7. Would a disconnect switch rated at 300 amps solve the problem?
  8. John D and Mossey inquired about how my battery disconnect is attached. I am not sure I understand the questions, but I will try to answer. I have four AGM batteries, and this is the battery tray from above. The disconnect is attached at the bottom right, on a negative terminal, and the positive connects to a battery at the top left. Here is a view of the positive terminal connections. One large red wire (the 4/0 wire?) and two smaller diameter red wires. There are two black wires connected to the battery disconnect, one large and one small. Is this set up of concern?
  9. We have a low tech solution to this trashy question. We use "13 gallon tall kitchen drawstring trash bags." Oliver installed a strong stainless hook opposite the closet, and we hang the trash bag from the hook using the drawstring. The trash is only marginally in the way going in or out of the trailer.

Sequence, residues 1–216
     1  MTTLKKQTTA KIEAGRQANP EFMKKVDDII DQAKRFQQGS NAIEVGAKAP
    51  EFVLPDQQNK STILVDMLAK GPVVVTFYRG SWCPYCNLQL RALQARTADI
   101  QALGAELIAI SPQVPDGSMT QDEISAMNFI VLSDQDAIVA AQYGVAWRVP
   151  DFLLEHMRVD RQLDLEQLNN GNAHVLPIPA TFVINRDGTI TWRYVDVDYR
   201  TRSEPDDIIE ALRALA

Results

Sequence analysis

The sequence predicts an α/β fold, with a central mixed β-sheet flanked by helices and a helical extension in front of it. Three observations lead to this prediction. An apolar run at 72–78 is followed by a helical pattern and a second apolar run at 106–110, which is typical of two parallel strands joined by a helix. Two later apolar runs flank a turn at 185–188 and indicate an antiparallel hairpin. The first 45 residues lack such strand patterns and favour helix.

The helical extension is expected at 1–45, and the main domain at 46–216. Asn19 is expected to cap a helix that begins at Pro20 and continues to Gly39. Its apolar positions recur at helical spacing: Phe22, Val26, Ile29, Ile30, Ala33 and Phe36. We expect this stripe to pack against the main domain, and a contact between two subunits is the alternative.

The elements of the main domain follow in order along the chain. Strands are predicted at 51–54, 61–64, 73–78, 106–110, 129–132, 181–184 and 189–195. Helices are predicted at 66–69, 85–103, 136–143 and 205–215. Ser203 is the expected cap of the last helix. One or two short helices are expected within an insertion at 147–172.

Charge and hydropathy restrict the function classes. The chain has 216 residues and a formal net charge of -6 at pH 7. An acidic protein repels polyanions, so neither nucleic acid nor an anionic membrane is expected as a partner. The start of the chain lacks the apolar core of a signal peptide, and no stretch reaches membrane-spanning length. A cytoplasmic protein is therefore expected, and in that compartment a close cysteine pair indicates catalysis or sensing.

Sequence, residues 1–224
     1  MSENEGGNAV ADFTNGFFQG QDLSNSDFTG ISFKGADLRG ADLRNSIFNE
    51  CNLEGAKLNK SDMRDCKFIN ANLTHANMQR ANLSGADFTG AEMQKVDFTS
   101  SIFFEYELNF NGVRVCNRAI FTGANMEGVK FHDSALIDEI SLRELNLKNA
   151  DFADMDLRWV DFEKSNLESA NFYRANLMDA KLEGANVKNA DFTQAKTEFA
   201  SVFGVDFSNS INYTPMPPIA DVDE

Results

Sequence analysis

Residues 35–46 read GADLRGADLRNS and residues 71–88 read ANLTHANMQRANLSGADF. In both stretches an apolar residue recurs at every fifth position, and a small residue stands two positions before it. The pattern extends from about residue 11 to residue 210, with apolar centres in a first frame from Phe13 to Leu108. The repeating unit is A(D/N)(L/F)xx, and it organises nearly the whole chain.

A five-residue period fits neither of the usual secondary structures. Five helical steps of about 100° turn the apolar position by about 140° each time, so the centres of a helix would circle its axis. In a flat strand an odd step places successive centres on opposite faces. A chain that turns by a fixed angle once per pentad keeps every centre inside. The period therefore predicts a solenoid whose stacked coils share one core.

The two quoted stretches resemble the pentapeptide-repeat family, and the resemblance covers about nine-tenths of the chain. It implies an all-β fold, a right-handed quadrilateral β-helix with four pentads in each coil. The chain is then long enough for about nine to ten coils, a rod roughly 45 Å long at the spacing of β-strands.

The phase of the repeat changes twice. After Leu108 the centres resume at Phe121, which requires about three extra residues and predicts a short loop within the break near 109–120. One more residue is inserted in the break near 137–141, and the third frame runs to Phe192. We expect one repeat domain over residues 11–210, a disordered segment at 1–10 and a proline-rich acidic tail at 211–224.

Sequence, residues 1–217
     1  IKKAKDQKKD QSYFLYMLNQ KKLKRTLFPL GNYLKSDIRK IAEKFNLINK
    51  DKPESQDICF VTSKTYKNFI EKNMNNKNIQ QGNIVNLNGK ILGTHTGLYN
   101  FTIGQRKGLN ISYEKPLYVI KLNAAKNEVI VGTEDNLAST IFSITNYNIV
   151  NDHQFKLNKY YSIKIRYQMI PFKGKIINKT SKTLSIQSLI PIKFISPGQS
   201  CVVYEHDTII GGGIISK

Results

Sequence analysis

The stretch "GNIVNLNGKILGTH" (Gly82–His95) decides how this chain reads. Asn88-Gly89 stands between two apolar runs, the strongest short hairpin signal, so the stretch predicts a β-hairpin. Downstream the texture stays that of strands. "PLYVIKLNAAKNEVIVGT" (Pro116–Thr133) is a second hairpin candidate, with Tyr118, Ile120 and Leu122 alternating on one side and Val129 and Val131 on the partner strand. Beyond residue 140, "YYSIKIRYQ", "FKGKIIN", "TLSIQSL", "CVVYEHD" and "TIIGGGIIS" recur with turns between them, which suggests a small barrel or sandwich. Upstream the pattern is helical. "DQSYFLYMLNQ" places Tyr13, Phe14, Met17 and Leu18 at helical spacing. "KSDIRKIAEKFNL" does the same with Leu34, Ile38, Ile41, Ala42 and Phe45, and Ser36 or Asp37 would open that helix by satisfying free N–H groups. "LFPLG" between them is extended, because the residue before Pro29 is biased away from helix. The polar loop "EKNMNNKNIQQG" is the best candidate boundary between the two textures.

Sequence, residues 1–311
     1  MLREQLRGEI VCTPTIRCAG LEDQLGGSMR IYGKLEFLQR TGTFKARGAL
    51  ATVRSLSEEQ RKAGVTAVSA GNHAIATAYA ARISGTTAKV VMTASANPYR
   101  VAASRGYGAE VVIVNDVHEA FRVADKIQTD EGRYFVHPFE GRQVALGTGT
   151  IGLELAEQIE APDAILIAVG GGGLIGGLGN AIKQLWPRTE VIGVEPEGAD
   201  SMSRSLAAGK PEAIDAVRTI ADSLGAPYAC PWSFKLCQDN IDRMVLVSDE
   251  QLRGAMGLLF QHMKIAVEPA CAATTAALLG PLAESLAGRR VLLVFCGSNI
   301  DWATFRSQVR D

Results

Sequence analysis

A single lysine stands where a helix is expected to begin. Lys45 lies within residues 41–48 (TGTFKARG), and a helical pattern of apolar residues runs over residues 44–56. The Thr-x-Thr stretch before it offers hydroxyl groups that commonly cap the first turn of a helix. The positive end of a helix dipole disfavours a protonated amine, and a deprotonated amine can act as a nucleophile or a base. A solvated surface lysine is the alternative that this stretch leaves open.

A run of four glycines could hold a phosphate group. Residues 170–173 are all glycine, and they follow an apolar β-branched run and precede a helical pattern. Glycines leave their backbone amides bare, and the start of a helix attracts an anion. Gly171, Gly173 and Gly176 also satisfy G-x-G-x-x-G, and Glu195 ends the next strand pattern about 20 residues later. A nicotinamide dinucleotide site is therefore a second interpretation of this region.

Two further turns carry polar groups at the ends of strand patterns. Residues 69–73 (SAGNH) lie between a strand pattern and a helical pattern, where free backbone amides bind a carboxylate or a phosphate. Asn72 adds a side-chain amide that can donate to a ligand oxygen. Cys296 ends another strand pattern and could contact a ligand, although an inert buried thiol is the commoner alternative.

10. It is cheap and easy to install a battery disconnect switch on the battery. I can access the switch by opening the door to the battery compartment.
  11. My Mopeka Tank Check Sensors came with Spacers to lift it so that the sensors did not get crushed by the propane tank. I found that the rims on the 30 lb tanks that came with my Ollie had sufficient space under them such that the spacers were not needed. Based on that, the Halos would certainly not be needed.